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During the mid l980's an amateur technique was developed by the writer to prepare cellulose lacquer peels from samples of Mesozoic sedimentary rock collected along the Dorset coast. This simple technique was based on the use of a proprietary rapid drying cellulose lacquer ('Humbrol' nitrate cellulose dope for model aircraft). The lacquer was applied to a small prepared area of rock surface, using a clean small nylon artists' paint brush, with a self-adhesive paper label, cut in the form of a small frame. The frame was used to remove the film from the rock after drying for about 1 hour at 30 - 40C. The "flow" properties of the lacquer were found to be crucial for the best results.

The lacquer formed a tough smooth film which could be mounted on a microscope slide under a glass cover-slip. These mounted peels were only about 1 cm2 in area and were found to be crowded with minute detail, in some examples down to <1 micron i.e.<1/1000 mm. in diameter. By sealing the mounted microscope slides carefully with shellac it was possible to use the high power oil-immersion objective for close examination of the peels. With my Nikon microscope, using the binocular eyepiece, a visual magnification of circa. X 1500 was achieved under these conditions.

The simple peeling of the tough dried lacquer film from the rock formed, either accurate replicas of the surface minute features, or, in many cases, removed thin layers of softer sediment from the rock surface. Both these processes could occur, even on the same peel, and, of course, depended on the nature of the rock sample, as well as its ingredients. Excellent examples of these varying results were obtained from the many Dorset Kimmeridge Clay beds, where the peels showed numerous minute marine nannofossils (coccoliths and coccolithophores), a variety of microfossils (dinoflagellate cysts, calcispheres etc.), plant microspores (pollen grains), microscopic grains of pyrites, layers of kerogen with buried fossil wood fragments (Mesozoic conifer fusain) etc. All this tends to confirm the variable influx of land swamp debris to the sea at the time of deposition of the Kimmeridgian marine microplankton.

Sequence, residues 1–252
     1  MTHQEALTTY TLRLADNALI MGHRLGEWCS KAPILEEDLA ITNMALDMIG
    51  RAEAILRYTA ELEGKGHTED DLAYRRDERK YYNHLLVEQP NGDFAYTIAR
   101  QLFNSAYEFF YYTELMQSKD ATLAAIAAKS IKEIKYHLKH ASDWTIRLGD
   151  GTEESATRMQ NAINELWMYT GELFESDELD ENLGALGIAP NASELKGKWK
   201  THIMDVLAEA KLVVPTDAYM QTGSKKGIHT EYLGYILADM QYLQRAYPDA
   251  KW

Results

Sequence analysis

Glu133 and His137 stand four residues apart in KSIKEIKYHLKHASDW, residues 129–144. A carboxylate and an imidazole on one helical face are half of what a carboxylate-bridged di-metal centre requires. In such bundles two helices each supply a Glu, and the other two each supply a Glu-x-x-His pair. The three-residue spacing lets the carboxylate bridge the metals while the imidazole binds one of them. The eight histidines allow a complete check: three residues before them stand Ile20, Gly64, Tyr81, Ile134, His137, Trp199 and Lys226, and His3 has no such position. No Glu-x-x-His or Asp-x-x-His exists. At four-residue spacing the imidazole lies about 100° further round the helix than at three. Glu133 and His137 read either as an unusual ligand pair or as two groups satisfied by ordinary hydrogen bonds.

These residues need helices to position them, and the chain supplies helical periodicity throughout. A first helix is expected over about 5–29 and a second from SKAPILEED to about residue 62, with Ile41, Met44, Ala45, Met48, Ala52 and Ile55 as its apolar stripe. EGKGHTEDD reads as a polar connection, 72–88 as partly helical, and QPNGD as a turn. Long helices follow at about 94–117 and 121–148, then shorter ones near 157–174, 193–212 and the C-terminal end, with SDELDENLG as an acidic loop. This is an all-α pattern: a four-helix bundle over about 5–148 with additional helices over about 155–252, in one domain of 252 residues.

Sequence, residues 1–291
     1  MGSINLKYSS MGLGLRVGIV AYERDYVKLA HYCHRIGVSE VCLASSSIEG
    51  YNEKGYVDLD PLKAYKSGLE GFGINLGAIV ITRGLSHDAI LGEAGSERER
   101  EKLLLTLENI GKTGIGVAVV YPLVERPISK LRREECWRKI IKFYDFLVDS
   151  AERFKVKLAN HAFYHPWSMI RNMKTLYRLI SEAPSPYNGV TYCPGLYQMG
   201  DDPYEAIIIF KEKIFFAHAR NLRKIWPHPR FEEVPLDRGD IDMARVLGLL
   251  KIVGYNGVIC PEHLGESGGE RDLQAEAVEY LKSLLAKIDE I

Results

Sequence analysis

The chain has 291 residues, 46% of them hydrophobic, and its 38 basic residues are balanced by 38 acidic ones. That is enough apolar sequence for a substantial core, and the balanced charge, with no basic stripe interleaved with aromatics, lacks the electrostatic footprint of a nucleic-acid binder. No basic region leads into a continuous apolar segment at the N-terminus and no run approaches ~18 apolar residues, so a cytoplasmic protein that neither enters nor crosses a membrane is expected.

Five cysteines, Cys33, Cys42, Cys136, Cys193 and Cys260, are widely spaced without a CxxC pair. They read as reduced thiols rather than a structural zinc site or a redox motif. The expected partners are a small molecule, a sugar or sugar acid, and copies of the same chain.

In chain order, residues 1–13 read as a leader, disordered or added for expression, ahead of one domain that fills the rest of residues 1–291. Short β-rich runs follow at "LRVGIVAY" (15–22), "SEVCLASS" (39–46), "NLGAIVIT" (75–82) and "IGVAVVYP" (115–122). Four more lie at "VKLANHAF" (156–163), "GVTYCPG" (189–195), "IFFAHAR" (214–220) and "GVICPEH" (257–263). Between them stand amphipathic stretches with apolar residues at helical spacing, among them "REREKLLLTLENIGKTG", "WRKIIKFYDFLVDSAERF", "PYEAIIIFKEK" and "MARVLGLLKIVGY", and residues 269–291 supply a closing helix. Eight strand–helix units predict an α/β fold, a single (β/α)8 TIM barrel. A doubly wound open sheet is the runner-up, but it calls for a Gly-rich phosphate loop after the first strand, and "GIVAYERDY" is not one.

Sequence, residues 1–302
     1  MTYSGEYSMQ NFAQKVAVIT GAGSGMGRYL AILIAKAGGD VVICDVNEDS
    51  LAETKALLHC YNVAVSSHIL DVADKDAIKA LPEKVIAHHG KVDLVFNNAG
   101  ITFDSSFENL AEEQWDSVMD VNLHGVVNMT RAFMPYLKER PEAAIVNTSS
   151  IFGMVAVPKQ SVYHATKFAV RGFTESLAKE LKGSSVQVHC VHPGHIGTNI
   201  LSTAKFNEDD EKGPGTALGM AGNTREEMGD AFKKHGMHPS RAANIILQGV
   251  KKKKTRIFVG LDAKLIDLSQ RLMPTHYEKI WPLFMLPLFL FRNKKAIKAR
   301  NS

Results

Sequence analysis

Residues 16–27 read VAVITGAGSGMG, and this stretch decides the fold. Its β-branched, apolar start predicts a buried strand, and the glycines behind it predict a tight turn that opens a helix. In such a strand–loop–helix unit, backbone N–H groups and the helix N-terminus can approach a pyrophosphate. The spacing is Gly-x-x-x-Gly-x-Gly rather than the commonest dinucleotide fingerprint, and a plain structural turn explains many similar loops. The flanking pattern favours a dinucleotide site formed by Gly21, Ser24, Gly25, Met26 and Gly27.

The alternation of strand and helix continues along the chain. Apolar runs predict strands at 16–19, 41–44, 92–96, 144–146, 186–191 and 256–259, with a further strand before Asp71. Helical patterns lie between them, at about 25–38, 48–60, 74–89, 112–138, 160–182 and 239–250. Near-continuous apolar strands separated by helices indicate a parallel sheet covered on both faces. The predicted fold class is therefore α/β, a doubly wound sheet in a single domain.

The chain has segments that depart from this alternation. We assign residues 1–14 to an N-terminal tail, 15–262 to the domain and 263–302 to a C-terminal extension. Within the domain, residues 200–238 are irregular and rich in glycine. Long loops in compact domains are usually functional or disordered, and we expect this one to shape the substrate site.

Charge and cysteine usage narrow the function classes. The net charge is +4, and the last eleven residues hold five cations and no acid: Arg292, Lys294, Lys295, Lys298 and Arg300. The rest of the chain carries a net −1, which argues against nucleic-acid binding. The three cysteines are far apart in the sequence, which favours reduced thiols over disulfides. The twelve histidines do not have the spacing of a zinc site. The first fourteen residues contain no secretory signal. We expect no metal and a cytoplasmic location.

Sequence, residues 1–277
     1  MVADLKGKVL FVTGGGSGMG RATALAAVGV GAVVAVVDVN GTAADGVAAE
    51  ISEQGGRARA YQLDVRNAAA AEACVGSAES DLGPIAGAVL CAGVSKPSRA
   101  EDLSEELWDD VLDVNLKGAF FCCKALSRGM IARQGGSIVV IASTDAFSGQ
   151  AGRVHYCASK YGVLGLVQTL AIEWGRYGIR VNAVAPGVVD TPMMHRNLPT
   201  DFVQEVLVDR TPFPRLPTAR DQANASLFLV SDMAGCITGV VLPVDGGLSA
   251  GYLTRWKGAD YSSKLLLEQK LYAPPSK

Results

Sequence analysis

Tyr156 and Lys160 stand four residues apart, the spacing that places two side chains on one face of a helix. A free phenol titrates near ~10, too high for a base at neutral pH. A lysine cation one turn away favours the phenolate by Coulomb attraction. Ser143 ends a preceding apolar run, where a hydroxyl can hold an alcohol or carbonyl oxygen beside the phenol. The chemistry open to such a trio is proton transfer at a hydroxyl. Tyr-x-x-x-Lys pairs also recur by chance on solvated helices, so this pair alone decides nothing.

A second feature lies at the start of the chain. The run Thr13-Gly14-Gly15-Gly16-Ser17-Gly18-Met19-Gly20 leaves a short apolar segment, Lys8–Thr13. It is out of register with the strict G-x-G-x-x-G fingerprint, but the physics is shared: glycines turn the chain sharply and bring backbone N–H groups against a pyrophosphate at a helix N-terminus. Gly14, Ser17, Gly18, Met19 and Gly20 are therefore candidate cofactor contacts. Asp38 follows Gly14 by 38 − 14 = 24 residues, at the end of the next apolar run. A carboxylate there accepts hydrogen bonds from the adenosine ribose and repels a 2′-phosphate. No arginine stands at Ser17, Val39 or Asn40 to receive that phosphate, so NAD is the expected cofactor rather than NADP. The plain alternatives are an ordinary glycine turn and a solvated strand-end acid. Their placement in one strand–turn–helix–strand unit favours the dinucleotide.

More recently, in the late 1980's, stained cellulose lacquer peels were prepared by combining the basic method, described above, with a simple well-known staining procedure for carbonate rocks. (See Adams, MacKenzie & Guilford, 1984.). This method can distinguish between carbonate rocks with regard to composition and texture, and produce individual differential staining of microfossils and nannofossils, on a minute scale, helping in their detection. This technique will be discussed later in the series of articles.

The six accompanied illustrations show a selection of unstained peels with differing magnifications, as examples of what can be seen with an optical microscope, using the basic technique only.

The Visual Microscopy and Photomicrography of Cellulose Lacquer Rock Peels

I have been especially fortunate in possessing a very fine well equipped Nikon "Labophot" microscope, which has been the main instrument used for the examination of my slides with the mounted peels. Nevertheless I have used an old Leitz microscope and more recently a low power Meiji stereoscopic instrument for detecting the larger objects on the peels. Any students' microscope giving a combined magnification of X 500 to X 600 would be suitable for much of the observation, discussed here. However the advantages of my Nikon are considerable for both visual and photographic work and include the following:

I). A trinocular eyepiece tube type F. This allows 100% of the light to be diverted from the binocular eyepiece to the camera, with a quick simple movement.

II). A range of objectives, N.A. 0.1, 0.25, 0.65 and 1.25 (oil-immersion), giving visual magnifications of X 60, X 150, X 600 and X 1500 respectively with the binocular eyepiece
( X 15).

III). Nikon FE camera body with connecting tube and mounting, fitted with a projection lens.

IV). Phase contrast turret condenser with additional positions for brightfield and darkfield microscopy. Facilities for the use of polarizing plates.

V). Illumination brightness control, field diaphragm control, condenser aperture diaphragm control and a calibrated mechanical stage.

VI). A range of filters for visual and photographic observations.

VII). Calibrated eyepiece micrometers.

VIII). Coarse and fine focusing controls.